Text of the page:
Cisco's Aja Reissue: Exclusive First Listen!

Let’s get right to the point of this reissue, which is the sound, since anyone shelling out big bucks for it is doing so because he or she is familiar with the music and loves it to death.

This new Cisco reissue is vastly superior to both the original pressing (ABC AA 1006) and to Mobile Fidelity’s ½ speed mastered reissue (Mobile Fidelity MFSL 1-0333).

If your stereo system (or your personal savior/used record dealer) tells you otherwise, blame it and/or him, not Elliot Scheiner, one of the original engineers on Aja who oversaw this reissue, or Donald Fagen (no introduction necessary), or Kevin Gray and Robert Pincus who mastered it from the original analog tape at AcousTech.

Let me tell you why this new reissue is easily the best sounding Aja yet. The bass on the original is (only by comparison to this reissue) a mushy, indistinct, unformed blob. The original’s top end (I sampled four clean ABC originals), particularly the cymbal shimmer and ring, is undernourished, soft and shelved back in amplitude. The midrange is pushed forward, creating a false zone of warmth that gives the upper range of the kick drum a highly colored but forward “thonk.”

The entire picture is mildly compressed and Fagen’s voice is thin and sounds tracked with a phasey aural exciter (in reality it's layers of voice overdubbing as Fagen covers his tracks to produce a “fatter” vocal sound). Back in those days it was impossible to manipulate the multiple tracks to match perfectly. Today that’s relatively easy to accomplish.

That's a fine formula for FM radio, college dorm and crash pad stereos and mass vinyl production circa 1977, but for a high resolution, high dynamic system in 2007? No. The superb recording and pristine production by Roger Nichols, Elliot Scheiner, Bill Schnee and Al Schmitt (a CSN&Y-like super group of recording engineers) had much more to give.

The Mobile Fidelity piles on even more blobby bass and while the half speed high frequency groove etching is incredibly detailed and well-focused, it’s also been bleached and brightened and the upper mids have been sucked out to make the high frequency transients stick out.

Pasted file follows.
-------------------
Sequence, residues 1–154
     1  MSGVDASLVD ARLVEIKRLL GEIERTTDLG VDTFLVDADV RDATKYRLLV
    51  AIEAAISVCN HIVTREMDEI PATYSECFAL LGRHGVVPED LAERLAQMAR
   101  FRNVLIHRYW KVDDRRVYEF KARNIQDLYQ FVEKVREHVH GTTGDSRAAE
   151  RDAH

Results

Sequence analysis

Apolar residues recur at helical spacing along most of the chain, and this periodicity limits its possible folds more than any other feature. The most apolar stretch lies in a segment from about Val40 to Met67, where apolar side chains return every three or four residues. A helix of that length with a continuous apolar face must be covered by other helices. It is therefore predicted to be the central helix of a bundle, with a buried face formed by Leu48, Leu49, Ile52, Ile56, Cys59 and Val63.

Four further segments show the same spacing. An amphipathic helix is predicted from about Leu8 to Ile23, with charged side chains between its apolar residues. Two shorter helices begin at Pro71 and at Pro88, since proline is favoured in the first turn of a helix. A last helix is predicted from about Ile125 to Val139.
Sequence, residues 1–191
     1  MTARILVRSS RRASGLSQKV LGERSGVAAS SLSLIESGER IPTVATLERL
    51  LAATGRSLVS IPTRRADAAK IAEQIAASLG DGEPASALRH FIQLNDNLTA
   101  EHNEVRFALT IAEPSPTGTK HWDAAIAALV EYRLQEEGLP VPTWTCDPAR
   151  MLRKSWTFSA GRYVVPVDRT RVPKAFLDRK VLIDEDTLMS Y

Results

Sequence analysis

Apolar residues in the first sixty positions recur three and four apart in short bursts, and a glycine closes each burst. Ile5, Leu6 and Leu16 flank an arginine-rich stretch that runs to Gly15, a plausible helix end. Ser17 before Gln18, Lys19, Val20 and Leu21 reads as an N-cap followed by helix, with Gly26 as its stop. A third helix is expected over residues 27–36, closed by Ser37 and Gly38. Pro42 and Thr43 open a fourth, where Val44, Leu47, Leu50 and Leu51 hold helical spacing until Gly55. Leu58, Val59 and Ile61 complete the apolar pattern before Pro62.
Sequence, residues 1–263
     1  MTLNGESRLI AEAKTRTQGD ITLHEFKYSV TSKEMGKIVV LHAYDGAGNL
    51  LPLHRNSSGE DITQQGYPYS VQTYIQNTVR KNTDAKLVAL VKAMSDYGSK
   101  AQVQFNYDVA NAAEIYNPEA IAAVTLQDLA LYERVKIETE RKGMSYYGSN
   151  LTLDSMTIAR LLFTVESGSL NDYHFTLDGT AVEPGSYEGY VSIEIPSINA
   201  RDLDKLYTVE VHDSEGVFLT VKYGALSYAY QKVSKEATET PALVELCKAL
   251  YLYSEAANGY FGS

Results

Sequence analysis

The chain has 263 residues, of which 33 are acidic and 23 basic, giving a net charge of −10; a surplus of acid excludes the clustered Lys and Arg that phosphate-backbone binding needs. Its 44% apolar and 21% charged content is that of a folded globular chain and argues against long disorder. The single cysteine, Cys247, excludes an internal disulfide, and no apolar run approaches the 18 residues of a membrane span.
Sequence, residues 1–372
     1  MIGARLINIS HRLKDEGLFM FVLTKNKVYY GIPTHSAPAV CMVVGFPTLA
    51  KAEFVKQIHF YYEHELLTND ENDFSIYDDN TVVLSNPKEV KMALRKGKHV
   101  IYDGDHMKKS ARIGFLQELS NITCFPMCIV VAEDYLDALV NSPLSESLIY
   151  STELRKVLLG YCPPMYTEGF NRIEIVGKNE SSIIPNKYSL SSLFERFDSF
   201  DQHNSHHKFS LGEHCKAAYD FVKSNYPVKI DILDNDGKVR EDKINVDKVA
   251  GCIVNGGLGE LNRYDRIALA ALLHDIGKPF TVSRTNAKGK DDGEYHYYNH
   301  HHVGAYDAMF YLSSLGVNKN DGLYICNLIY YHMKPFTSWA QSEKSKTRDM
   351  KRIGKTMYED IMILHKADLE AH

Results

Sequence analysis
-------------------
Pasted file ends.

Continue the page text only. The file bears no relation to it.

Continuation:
This reissue’s bass is tight yet lithe, well-focused and harmonically complex, texturally detailed, solid and revealing. You'll follow the bass line tune with new ease.

However, if your system doesn’t go all the way down, it won’t sound like there’s great bass and probably the original and/or the Mo-Fi will sound “richer and fuller” but that’s because the original was produced for mass, not audiophile consumption.

The cymbal crashes have that “I can count the rivets” quality my friend Frank Doris used to write about Bill Porter's productions, revealing incredible detail that glistens with sweet brassy, percussive textures and extends to the stratosphere without sounding tipped up or in the least unnatural.

Putting it more bluntly, this is a stupendous production. If it doesn’t sound good on your system now, it awaits being revealed for how good it really is when your systems is elevated to match the occasion.

If you hear hashy, sizzly highs, that’s your system speaking. If you hear anemic bass, same thing, and if the original sounds more dramatic, vivid and full, don’t blame the reissue. The better your system, especially in terms of dynamics, bass weight and slam and transient clarity, the better this reissue will sound.

The title track reveals layers of hidden detail and dynamic nuances and layering buried on the original. Steve Gadd’s drumming has never sounded as dramatic or full-bodied. There are small percussive accents including triangle and wood block that emerge from the former haze to become cleanly rendered events without sounding bright, bleached or etched and Fagen’s voice layers become full bodied and easily separated yet the totality of the desired intended effect becomes more fully expressed.

This remaster exudes the kind of musical honesty you might expect when one of the original engineers and the artistic center of gravity are involved in its production.

Truthfully, I’ve not heard a truly bad sounding edition of Aja. It’s such a well recorded, sumptuous production one would have to work hard to make it sound bad. Compared to most pop/rock recordings, any edition of Aja (that I’ve heard) sounds good. This one sounds great.

So, this most elegant and ambitious of Steely Dan albums featuring “jump in” production depth and cinematic sweep has never sounded better in my opinion. The tape has obviously held up as well as the music. I can’t imagine the upcoming Japanese reissue at best mastered from the analog tape copy originally sent to Japan, sounding any better, though I’ll be sure to have a listen.

By the way, if someone says the reissue doesn’t sound any good, be sure to ask about that person’s playback system. For the record I listened on The Continuum Caliburn turntable with Cobra arm, the Grand Prix Monaco turntable with Graham Phantom arm and the Merrill MS21 turntable with Triplanar arm. Cartridges included Lyra Titan i, Koetsu Urushi Vermillion and Air Tight PC-1. Phono preamps included Einstein Turntable’s Choice and Manley Steelhead. Preamp was darTZeel and amps were Musical Fidelity kWs driving Wilson MAXX2s. Cables were TARA Labs Zero interconnects and Omega speaker cable. Believe me, I heard what’s on the vinyl loud and clear and it's spectacular!

This is sublime ear candy and more importantly magnificent music making. No wonder it retains its attraction 30 years after first being issued. More proof that we’re living in the second coming of analog.